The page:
Flags have been used for thousands of years. Originally, they were carried in battles and wars as symbols of strength.
A bronze metal flag from the ancient Persian times dating back to about 2400 BC was found in a place called Shahdad in Iran. Known as the Shahdad Standard, this is the oldest known flag in the world. This flag closely resembles the modern flag, in that it is square shaped, contains an emblem and is mounted on a pole.
The oldest cloth flag was found in Egypt and it is believed to be from the third century AD. The Egyptians flew flags in battles many thousands of years ago. Their flags were made of streamers tied to long poles. Later, the Greeks and Romans followed suit.
Use of flags was traced back to ancient China and India. Flags were said to have been carried on chariots and elephants in India as early as 4000-5000 BC. The flag usage spread from India and China to other parts of southeastern Asia.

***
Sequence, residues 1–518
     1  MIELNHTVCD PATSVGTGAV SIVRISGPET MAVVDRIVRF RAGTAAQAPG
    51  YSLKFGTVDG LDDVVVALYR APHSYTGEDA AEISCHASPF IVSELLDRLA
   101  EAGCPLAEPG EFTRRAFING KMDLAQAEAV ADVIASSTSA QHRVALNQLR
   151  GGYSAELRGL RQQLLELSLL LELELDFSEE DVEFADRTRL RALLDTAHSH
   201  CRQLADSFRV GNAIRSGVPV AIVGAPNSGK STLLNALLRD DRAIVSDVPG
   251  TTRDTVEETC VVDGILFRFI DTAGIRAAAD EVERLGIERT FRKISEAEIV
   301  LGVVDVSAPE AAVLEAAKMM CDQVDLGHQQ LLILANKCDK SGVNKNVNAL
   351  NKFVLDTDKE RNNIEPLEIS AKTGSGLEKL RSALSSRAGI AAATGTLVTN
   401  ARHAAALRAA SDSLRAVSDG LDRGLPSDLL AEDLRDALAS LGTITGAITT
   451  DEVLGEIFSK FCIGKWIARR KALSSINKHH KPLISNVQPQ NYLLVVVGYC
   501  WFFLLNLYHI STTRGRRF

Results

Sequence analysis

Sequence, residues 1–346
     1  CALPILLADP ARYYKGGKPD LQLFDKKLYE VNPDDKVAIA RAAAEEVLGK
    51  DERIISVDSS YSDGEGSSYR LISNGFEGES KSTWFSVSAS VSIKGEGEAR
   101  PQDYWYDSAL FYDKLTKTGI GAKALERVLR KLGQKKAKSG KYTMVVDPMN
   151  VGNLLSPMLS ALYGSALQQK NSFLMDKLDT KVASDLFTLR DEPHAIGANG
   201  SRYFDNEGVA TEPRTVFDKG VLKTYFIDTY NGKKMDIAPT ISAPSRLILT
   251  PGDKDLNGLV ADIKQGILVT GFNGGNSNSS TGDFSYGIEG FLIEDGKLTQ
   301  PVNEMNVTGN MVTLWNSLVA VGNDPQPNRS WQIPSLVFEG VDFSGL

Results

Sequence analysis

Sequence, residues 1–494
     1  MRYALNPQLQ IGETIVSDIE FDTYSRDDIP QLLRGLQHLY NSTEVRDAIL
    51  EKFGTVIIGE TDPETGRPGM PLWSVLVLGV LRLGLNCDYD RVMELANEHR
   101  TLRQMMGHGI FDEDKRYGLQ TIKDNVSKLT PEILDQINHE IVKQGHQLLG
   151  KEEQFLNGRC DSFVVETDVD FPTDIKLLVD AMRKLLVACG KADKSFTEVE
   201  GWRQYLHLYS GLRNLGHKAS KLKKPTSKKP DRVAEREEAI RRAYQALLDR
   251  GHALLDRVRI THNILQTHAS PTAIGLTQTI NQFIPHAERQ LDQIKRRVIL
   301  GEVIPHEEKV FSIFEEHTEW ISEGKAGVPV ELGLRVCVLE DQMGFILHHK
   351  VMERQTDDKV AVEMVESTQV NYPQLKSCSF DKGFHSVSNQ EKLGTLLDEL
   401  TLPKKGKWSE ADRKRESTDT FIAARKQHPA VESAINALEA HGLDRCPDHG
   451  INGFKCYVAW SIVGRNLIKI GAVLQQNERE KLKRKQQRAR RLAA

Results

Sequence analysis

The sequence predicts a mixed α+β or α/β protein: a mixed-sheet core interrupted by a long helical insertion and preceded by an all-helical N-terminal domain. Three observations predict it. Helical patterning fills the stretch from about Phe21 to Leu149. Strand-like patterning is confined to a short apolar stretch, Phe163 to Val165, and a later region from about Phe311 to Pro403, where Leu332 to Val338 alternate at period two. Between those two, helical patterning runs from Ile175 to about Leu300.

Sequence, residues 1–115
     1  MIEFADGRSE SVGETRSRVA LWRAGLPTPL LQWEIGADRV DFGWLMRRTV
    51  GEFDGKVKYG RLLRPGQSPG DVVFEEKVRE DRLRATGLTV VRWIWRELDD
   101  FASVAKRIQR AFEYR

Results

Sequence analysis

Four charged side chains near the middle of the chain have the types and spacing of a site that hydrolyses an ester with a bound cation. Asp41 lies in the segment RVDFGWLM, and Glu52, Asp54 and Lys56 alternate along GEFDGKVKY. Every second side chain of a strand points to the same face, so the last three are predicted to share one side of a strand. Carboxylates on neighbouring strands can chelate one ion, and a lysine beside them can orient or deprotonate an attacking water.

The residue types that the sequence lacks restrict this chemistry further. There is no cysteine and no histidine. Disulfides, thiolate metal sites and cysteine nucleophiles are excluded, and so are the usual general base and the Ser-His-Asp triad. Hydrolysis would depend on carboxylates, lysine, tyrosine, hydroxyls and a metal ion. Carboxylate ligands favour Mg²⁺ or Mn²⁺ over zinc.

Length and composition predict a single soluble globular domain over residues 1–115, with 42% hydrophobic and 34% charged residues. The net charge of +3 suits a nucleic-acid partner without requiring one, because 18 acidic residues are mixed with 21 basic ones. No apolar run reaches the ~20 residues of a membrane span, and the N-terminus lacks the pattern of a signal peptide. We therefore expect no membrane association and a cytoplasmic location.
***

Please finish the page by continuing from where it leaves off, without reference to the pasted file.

During Medieval times, European knights used flags as heraldic devices to identify themselves in battles. European nations began adopting flags to represent their countries in the Middle Ages and the Renaissance. During late Middle Ages flags have come to represent countries, cities, kings and organizations. The use of national flags became commonplace during the 18th century throughout the world. At present time every country is represented by a national flag.
The first official United States flag was adopted by the Continental Congress on June 14th 1777.
It consisted of thirteen stripes and thirteen stars, each representing the original thirteen colonies. After undergoing many modifications, the present day version of the flag was adopted on August 21, 1959. The thirteen stripes and 50 stars now on the U.S. flag represent the original thirteen colonies and the current 50 states.
About the Author: Amita Vadlamudi is an avid reader and enthusiast of History ranging from ancient times to present. Whether it is the United States history or the world history, Amita Vadlamudi takes an equally curious interest.